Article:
0.2

The value of (pf|defect)* due to external corrosion for each diameter range has been evaluated using equation (15) with f = 0.72, TI equivalent to the IGE/TD/1 limit of 10 years, ε as defined in Table 2, Dnom equivalent to the lower bound value for each diameter range, as given in Table 1 and t min equivalent to 0.95tnom, where t nom is given in Table 1. The values of (pf|defect)* provide an indication of the limiting level of safety implicitly acceptable in IGE/TD/1 and as such are used as criterion values for determining the range of pipeline cases which are acceptable for operation at f = 0.8. The repair criteria given in Table 2 have been reviewed by BG Technology and Transco and the recommended criteria for pipelines operating in the range 0.72 < f ≤ 0.8 are given in Table 3. The values of (pf|defect) for operation at f = 0.8 were evaluated using the criteria given in Table 3 and found to be equivalent to or lower than the criterion values (pf|defect)*, thus indicating that operation at f = 0.8 may be justified using the Level 1 procedure if repair criteria equivalent to or more stringent than detailed in Table 3 are adopted. Table 3 Recommended Repair Criterion for Corrosion Defects at 0.72 < f ≤ 0.8 Defect length, l

Repair criterion, ε

<3 tnom

0.5

≥ 3 tnom

0.15

4.1.2 External Interference The value of (pf|defect)* due to external interference for each diameter band was evaluated using equation (17) with f = 0.72, Dnom equivalent to the lower bound value for each diameter range, as given in Table 1, tmin equivalent to 0.95tnom, where tnom is given in Table 1 and SMYS in the range X42 to X80, the highest grade evaluated however was restricted by the 100 bar pressure constraint for a given Dnom, t min and f. A deterministic value of fracture toughness, KIC, was assumed and was inferred from the specified minimum average value of Charpy toughness, Cv.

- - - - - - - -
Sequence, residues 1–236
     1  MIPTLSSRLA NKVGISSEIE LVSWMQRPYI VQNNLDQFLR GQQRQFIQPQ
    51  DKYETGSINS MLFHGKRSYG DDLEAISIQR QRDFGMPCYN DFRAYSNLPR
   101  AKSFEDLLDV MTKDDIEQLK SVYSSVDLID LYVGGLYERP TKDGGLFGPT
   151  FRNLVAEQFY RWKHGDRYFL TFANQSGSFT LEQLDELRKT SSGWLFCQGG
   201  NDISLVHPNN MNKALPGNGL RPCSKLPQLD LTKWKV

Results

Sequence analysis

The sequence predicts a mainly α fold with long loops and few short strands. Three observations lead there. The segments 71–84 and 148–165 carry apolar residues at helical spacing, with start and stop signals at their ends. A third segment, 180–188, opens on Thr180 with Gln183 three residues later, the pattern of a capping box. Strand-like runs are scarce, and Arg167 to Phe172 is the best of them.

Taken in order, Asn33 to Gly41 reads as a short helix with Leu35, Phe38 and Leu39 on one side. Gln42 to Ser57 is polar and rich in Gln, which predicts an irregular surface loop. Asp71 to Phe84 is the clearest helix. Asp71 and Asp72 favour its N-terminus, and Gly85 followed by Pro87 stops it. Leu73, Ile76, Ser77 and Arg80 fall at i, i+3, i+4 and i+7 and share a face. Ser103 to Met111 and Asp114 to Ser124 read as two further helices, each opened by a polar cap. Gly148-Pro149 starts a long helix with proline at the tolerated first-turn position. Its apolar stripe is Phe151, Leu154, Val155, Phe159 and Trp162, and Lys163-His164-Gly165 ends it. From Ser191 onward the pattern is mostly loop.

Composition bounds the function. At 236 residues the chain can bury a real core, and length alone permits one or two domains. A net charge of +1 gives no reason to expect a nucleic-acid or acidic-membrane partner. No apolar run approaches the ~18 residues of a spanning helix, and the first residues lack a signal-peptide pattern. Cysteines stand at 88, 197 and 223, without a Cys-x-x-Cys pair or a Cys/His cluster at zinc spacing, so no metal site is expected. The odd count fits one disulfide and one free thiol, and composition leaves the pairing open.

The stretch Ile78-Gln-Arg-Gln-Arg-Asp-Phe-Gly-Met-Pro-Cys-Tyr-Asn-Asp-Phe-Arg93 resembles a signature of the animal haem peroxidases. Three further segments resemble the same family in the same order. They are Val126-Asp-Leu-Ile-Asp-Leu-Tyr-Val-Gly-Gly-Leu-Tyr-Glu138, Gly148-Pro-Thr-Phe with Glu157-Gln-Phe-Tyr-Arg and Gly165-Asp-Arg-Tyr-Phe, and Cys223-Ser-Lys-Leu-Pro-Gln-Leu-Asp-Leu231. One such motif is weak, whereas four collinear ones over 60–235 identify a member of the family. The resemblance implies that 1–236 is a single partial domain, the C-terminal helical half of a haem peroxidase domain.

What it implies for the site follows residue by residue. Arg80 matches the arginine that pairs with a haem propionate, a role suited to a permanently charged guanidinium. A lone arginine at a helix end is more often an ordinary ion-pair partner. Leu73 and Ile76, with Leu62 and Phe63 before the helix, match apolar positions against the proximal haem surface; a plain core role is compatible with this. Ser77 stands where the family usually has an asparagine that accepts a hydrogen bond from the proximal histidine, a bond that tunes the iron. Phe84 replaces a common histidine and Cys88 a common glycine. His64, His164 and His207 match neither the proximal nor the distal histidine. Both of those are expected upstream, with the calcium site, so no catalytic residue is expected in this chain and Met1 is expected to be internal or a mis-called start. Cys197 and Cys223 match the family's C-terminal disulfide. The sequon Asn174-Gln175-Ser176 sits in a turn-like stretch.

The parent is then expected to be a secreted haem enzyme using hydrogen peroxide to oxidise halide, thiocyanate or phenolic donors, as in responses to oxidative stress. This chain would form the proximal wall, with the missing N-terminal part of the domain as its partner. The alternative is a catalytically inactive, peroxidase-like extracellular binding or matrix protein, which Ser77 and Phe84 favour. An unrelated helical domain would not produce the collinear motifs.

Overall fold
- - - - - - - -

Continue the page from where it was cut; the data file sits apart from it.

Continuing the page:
3 rd International Pipeline Technology Conference, May 22-24, Brugge, Belgium

The values of (pf|defect)* provide an indication of the level of safety implicitly acceptable in IGE/TD/1 and as such are used as criterion values for determining the range of pipeline cases which are acceptable for operation at f = 0.8. The range of pipeline cases that satisfy the (pf|defect)* criteria for operation at f = 0.8 have been evaluated. The value of t min, and thus t nom, required to satisfy the criteria has been evaluated for discrete values of SMYS in the range X42 to X80 inclusive. The least nominal wall thickness requirements were found to be largely independent of steel grade and thus a conservative grade independent value is adopted for each diameter classification and is presented in Table 4. It is noted that the least nominal wall thickness values presented in Table 4 satisfy the current IGE/TD/1 requirements given in Table 1. Table 4 therefore defines the wall thickness requirements to satisfy the Level 1 assessment procedure. Operation at Ρ = 0.8 may be justified using the Level 1 procedure if nominal wall thicknesses not less than those presented in Table 4 are adopted.